Colonel Capers watched the Union approach with growing anxiety. “I placed Companies A and F, Captains Steinmeyer and Sherard under Captain Roddy, acting Major of the Twenty-four, about a quarter of a mile in advance down the mountain,” Capers wrote . . .
. . . and instructed Roddy to take advantage of the woods, deploy his companies and detain the enemy as long as he could falling back on the right and left of the regiment when pressed to hard. I cautioned him about the flanks and left him full discretion to act as his judgment decided, communicating with me as opportunity occurred. The cavalry passed about 10 o’clock and reported General Sherman’s head of column advancing on the gap. I rode down to Roddy and found his force disposed and was with him when the skirmishers of the enemy began firing. Riding back to an open place on the ridge to the left of the regiment, I could see the enemy trains and columns on the Villanow road and counted seventeen flags. Those facts I reported by courier to General Gist, who sent me a dispatch to tell me to hold as long as I could but not to lose my regiment.
Soon the Union advance began. “We were soon forcing our way through the thick underbrush that covered the side of the mountain, while once more the ping of the minie was heard on every side,” William Royale Oak of the 26th Iowa remembered.
Henry Birch of Company A fell a victim of flying bullets, and as Robert J. McLenathan, Henry O’Farrell, and the writer were advancing within 60 feet of the enemy’s outpost, consisting of about thirty men, who were posted behind piles of stone, and completely hidden from our view, we received a deadly volley, and poor O’Farrell feel dead with a bullet through his heart. McLenahan and the writer jumped behind a tree which was hardly large enough to conceal our bodies, and which was soon filled with bullets . . . . Just at that time our main line advanced and poured into the rebels a volley . . . .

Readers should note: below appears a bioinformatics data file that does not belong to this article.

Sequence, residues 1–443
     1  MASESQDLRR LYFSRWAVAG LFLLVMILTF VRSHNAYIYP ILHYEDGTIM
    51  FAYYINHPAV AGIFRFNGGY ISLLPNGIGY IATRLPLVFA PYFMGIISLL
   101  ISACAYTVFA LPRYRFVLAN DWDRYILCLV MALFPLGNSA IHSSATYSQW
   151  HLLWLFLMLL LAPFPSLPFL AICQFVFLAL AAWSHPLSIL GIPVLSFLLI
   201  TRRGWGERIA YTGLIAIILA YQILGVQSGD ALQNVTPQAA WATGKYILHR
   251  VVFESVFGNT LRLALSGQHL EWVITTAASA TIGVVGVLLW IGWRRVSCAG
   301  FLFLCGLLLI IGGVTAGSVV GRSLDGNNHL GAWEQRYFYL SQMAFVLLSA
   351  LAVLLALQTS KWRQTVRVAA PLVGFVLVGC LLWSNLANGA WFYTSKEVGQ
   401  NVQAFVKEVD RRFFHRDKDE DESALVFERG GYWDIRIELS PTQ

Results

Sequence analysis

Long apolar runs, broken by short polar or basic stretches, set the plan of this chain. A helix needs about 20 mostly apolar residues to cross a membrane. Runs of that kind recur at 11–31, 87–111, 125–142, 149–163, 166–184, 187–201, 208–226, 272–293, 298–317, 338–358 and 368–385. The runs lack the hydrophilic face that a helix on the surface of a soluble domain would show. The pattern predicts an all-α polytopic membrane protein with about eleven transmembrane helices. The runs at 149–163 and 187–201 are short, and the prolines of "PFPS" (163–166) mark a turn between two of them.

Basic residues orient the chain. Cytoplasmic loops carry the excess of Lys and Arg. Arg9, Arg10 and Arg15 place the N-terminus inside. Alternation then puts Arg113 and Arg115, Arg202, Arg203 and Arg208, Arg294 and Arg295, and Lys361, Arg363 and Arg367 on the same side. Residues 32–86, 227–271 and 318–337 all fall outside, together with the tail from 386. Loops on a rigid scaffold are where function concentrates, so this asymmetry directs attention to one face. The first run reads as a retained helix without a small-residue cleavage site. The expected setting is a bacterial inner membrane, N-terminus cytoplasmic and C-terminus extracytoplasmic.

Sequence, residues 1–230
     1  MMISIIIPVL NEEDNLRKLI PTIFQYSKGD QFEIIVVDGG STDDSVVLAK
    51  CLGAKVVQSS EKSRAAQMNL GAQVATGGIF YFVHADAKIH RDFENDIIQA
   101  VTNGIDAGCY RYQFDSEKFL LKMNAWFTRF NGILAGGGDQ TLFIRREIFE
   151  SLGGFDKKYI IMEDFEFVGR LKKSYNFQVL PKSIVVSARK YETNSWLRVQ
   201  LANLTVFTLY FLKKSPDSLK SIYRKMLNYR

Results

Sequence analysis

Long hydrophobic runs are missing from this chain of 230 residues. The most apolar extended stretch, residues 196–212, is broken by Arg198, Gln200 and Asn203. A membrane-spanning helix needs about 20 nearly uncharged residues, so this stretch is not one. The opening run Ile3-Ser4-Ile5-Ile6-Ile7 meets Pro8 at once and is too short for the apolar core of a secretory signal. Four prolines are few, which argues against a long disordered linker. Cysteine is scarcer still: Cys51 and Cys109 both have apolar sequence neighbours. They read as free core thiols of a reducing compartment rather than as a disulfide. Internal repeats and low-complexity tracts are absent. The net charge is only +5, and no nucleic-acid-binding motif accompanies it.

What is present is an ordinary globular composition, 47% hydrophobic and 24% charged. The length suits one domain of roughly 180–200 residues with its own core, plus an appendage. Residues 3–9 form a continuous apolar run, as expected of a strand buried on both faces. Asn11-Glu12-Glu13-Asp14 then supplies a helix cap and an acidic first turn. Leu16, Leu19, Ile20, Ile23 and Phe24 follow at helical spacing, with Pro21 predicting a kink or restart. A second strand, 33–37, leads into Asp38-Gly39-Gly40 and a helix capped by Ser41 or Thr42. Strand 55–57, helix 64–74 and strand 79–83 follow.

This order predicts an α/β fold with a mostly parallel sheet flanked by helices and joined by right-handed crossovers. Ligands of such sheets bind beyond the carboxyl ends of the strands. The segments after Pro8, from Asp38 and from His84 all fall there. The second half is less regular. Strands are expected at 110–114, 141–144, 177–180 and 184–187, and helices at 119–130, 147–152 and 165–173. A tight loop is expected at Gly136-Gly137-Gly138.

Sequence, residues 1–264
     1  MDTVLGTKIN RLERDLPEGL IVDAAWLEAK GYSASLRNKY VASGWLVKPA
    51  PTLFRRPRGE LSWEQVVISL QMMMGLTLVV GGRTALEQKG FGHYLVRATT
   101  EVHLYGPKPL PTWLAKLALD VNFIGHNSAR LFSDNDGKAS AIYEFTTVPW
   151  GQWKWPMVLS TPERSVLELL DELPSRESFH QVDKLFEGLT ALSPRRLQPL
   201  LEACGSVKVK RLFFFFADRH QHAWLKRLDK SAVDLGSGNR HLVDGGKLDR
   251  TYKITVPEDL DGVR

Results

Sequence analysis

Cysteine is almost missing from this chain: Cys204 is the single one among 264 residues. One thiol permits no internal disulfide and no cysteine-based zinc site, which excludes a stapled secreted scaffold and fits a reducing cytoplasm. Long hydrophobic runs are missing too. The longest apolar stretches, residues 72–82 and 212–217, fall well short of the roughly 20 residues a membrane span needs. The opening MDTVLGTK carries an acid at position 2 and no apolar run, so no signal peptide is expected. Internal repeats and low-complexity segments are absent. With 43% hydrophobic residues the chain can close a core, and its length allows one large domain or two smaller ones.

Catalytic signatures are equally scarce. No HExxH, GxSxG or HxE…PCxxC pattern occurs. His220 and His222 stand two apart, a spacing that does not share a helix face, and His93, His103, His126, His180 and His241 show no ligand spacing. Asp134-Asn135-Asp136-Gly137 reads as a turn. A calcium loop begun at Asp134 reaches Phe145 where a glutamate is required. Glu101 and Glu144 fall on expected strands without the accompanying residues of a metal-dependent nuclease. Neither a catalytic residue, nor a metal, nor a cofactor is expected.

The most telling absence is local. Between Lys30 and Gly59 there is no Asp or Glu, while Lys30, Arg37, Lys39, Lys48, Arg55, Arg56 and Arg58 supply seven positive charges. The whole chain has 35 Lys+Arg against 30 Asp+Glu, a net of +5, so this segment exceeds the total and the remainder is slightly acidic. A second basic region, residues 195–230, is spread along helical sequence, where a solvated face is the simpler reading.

Another member of the advance, Charles Dana Miller of the 76th Ohio, described the move:
[T]hrough the brush and over the rocks, [the men] dragged themselves up the steep slopes until they secured a position on both flanks and little in the rear of the Rebels. A few shots were fired from our division battery to open up the fight when the troops advanced as rapidly as the nature of the ground would permit. The Rebels were kept busy by the 26th Iowa in front that they were not aware of the presence of our boys on their flanks until they closed in so rapidly that few could escape.